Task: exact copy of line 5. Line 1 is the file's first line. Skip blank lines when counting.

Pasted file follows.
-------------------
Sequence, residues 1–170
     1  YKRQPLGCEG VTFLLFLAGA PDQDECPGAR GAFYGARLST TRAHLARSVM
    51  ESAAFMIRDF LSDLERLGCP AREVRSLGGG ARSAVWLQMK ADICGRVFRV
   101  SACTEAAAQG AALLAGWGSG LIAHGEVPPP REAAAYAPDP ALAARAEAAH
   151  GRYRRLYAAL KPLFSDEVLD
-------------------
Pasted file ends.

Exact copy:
   151  GRYRRLYAAL KPLFSDEVLD